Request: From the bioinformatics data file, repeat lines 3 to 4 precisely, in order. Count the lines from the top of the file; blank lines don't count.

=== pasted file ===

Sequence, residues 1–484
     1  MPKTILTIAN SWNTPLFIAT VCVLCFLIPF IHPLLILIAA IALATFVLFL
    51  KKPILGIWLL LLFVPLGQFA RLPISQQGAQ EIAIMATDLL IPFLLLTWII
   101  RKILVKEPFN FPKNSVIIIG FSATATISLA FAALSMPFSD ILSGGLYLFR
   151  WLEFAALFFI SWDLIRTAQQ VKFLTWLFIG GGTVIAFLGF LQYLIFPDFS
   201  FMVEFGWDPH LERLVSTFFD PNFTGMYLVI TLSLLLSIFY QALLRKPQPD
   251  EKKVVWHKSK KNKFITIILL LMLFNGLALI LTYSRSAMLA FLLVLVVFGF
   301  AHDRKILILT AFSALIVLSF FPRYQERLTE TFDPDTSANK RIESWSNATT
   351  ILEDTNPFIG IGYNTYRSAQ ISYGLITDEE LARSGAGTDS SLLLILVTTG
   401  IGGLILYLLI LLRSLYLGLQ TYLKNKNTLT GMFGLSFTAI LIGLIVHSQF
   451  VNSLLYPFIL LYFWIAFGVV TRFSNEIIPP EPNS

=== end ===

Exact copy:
    51  KKPILGIWLL LLFVPLGQFA RLPISQQGAQ EIAIMATDLL IPFLLLTWII
   101  RKILVKEPFN FPKNSVIIIG FSATATISLA FAALSMPFSD ILSGGLYLFR